By Rhea Galsim, Expedition PR
In June I had the opportunity to attend the International Cloud Computing Expo 2012 in New York. The flagship theme was Big Data & Cloud Computing. The four-day event was packed with speaker sessions and learning tracks, along with floor exhibits where IT and cloud vendors presented their latest services and products to attendees from 48 countries.
This was the first time I attended a cloud expo as a volunteer. Part of my volunteering job was to help with registering the attendees for the speakers’ sessions. I was also given the freedom to attend any speaker sessions and mingle with other IT and cloud professionals. My ultimate goal was to learn about how cloud and big data were changing the tech industry.
It was amazing to see the scene at the Jacob Javitz Convention Center. The trade show floor was buzzing.
The keynote sessions were held in the “big room”—often packed with standing room only to spare. Suits, ties, skirts and sneakers were all present. Cool blue lighting that set the mood for attendees.
The first speaker was John Engates, CTO at Rackspace.com, a firm specializing in enterprise hosting services. He talked about the incredible growth of cloud technology since 2001. Calling to attention the first Windows OS, he illustrated the type of platform computer technology was: basic, simple, and were there really any apps? The Windows OS also couldn’t run on faster speeds because of slow broadband. After 2001, Engates believes technology began to innovate at a faster rate. Cloud and Big Data were on the horizon, but businesses and IT professionals were risk-aversive to it. This has changed since then.
Engates believes cloud technology will change how companies compete with one another. A company with a strong IT infrastructure that harnesses cloud technology has a comparative advantage to other companies. Companies using OpenStack, a cloud software platform where developers create and manage storage through a network of data clusters. OpenStack software is beneficial to cloud technology since it is a free code and an interconnected network of OpenStack developer and Cloud user communities who regularly update the code collaboratively and support one another. The code liberally provides a rich ground of development for building and reshaping public and private cloud issues.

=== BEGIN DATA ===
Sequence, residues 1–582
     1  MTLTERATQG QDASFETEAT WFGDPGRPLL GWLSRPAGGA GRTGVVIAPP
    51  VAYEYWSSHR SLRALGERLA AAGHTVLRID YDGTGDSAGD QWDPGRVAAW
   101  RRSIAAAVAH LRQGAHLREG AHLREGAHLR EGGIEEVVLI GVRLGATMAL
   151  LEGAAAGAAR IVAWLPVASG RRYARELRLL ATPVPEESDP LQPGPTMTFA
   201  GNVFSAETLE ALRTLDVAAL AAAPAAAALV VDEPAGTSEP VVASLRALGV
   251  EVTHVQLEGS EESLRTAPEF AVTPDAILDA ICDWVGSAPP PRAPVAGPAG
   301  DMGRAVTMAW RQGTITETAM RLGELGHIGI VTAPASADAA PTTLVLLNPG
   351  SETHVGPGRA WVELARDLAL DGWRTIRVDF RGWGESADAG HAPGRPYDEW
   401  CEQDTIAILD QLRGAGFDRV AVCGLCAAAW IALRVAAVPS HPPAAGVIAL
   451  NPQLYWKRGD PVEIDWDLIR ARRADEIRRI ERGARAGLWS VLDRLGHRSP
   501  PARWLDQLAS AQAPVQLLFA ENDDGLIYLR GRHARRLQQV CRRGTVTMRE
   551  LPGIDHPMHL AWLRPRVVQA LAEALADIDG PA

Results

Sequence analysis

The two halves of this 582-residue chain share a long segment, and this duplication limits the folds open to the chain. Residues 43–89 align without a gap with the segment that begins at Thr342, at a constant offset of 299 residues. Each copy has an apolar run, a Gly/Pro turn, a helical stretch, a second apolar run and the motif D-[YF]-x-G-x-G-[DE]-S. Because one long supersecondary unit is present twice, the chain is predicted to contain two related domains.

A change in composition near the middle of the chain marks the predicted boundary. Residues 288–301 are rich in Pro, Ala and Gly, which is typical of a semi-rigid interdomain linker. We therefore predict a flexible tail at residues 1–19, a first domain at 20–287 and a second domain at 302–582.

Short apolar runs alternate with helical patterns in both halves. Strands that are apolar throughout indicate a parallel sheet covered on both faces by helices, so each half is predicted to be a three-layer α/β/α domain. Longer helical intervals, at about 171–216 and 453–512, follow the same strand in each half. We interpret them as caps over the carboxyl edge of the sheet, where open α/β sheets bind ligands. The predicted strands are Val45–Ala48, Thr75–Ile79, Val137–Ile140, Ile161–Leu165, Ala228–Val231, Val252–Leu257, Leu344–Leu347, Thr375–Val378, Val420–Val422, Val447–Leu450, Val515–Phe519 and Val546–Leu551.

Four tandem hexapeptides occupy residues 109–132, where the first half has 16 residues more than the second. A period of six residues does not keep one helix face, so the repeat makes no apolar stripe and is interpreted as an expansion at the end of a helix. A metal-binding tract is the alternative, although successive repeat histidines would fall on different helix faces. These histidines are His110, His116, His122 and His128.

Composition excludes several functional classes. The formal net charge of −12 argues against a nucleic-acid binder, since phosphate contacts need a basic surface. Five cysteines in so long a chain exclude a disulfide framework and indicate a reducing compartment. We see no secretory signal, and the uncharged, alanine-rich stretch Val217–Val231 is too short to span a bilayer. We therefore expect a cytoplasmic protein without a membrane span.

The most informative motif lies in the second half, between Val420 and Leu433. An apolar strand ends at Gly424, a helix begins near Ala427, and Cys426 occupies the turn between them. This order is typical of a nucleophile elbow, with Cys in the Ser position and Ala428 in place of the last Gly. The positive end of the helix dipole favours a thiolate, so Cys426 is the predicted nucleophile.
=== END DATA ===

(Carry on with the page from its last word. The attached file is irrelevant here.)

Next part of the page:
Another key topic in the sessions was IT’s future as a service industry. Rich Taggart, Lead Partner for SHI’s Strategic Consulting, believes that IT is a mechanism for creating innovation and growth. Operating Cloud as a shared service or a ‘community Cloud’, certain platforms like IaaS or ‘Infrastructure as a Service’ allows the development of other services from using multiple sources of data. The scale of virtual data is extraordinary, especially as data is expected to grow quickly with the increasing usage of mobile devices and social media. Taggart believes that virtual data is only 0.5% virtualized and we have only uncovered a cusp of it.